Mollye Maxner is the co-director of A.P.E. gallery in Northampton, and is a director, dramaturg for new work, choreographer, and educator who has made original performance work in collaboration with artists of many disciplines. Artistic highlights include Occupied Territories (Washington DC 2015 / Off-Broadway 2017 / Helen Hayes Award for Outstanding Choreography) and Still Life with Rocket (Washington DC 2017 / North Carolina 2019 / Helen Hayes Awards for Outstanding Choreography and for Outstanding Production), as well as The Trojan Women (Franklin Stage Company 2011), Reading By Lightning (2005-2007), The Silicon Dance Project (2002), The Table Piece (1994-2010) and working as choreographer at American Players Theater in the summers of 2021 and 2022. With a dedication to the intricacies of theater craft and creative practice, Maxner is passionate about new work in theater and multidisciplinary performance and is the recipient of the Kenan Fellowship at the Kennedy Center, a Massachusetts Cultural Council Artist Grant in Choreography, and a DanceWeb Europe Scholarship for Vienna’s ImpulsTanz Festival. She created and performed new work at A.P.E. in the early 2000’s, finding an artistic home amid the people and philosophy of A.P.E.
Born and raised in Mexico City, Iohann has a background in music, journalism, and media. He moved to Puerto Rico, where he worked for 12 years as a producer, on-air host, news anchor, promotion coordinator, and music program coordinator, at the University of Puerto Rico’s Public Radio Station, WRTU.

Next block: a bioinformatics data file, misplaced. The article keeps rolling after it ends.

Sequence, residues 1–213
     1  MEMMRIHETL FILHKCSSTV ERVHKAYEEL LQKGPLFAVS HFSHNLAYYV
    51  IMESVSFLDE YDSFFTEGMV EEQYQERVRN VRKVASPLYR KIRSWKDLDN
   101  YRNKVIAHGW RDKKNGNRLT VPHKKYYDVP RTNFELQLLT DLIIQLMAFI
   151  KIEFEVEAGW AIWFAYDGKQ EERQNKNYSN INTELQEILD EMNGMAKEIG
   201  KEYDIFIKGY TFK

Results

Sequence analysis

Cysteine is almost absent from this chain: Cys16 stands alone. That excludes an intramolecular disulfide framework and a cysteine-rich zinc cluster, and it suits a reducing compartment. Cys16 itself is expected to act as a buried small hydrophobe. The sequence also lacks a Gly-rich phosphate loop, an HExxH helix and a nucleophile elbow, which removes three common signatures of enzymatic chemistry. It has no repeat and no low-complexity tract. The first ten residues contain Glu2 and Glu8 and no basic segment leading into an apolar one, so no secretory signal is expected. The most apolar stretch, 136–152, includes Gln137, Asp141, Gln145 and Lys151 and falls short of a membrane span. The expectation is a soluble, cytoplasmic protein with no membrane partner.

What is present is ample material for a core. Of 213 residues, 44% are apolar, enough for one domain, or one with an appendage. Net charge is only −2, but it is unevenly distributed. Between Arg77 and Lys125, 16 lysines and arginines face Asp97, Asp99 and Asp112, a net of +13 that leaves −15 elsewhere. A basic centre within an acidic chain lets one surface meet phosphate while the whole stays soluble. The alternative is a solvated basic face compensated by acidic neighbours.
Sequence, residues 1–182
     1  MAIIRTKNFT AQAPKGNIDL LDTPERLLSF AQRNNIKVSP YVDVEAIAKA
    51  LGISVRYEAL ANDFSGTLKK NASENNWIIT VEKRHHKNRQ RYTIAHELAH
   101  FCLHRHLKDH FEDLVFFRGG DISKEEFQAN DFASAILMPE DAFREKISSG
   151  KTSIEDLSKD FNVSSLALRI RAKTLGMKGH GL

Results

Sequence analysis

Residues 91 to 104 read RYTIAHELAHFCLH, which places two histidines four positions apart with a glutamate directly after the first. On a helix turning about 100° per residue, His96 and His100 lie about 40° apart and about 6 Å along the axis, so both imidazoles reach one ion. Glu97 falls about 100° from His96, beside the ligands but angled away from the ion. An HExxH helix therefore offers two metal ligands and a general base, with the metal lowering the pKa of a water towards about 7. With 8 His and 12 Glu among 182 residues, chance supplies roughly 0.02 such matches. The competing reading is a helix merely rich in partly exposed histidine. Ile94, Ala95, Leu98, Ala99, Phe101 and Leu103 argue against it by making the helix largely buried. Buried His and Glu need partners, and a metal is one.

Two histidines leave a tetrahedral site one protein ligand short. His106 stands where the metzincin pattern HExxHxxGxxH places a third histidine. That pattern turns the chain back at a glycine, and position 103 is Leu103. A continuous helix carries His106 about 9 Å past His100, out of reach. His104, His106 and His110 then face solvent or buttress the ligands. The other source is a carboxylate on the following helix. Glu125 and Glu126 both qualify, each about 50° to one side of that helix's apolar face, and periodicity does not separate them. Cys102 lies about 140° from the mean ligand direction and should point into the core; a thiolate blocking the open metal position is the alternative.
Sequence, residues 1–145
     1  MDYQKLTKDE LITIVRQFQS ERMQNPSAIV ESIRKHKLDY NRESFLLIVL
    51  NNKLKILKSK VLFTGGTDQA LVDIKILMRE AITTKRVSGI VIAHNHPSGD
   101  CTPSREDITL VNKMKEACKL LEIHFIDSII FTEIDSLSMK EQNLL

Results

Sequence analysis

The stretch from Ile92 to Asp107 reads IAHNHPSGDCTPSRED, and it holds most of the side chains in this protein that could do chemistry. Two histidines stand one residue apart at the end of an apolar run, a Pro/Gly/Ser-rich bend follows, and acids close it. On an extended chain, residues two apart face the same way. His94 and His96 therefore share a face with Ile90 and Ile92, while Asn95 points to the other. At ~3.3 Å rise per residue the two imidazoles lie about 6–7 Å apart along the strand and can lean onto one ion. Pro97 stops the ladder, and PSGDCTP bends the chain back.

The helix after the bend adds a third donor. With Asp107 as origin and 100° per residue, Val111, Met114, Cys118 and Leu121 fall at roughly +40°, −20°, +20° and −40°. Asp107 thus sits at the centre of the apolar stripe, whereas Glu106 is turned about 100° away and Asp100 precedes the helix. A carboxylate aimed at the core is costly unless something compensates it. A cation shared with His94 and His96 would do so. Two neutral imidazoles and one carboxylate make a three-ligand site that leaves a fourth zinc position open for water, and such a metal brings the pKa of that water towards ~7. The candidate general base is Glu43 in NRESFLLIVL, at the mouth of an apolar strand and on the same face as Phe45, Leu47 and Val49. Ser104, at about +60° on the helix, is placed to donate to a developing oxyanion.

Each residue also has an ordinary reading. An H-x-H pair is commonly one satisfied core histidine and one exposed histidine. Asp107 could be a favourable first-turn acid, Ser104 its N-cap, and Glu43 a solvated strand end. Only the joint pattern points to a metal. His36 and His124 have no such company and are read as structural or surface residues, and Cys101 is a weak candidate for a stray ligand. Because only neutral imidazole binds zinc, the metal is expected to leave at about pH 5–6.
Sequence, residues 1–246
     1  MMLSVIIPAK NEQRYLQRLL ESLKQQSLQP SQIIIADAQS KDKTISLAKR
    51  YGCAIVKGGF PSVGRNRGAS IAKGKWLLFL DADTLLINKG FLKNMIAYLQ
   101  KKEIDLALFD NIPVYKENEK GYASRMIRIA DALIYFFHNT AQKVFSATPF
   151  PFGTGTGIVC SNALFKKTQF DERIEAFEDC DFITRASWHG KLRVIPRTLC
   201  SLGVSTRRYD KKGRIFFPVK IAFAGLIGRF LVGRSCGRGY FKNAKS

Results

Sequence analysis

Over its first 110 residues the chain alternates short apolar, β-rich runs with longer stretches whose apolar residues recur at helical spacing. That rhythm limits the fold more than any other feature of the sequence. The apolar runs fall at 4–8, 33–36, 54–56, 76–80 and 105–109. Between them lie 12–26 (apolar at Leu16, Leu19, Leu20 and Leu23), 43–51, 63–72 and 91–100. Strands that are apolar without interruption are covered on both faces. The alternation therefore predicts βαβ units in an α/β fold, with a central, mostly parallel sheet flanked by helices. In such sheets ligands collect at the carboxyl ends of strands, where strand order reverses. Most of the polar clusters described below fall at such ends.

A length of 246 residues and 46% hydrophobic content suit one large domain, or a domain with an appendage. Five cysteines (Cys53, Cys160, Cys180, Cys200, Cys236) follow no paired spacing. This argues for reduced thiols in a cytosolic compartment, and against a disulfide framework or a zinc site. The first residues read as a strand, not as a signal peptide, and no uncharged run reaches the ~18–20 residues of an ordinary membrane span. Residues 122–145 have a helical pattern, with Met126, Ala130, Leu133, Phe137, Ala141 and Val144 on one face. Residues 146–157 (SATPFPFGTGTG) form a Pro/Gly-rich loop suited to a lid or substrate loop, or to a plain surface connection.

Iohann moved to Massachusetts in 2011. He was the Media Literacy Coordinator at the Gándara Youth Development Center, in Holyoke, MA, where he worked with youth, teaching, and creating media content with social justice, and self-advocacy focus. Iohann is also the producer of Radioplasma, a local bilingual podcast and independent media outlet that focuses on arts, culture, and social justice stories and discusses topics of relevance and interest.
Currently, Iohann is the Director of Media Engagement with Holyoke Media.
Example of work and interview at Bombyx, YouTube https://radioplasma.com/2021/11/14/supaman/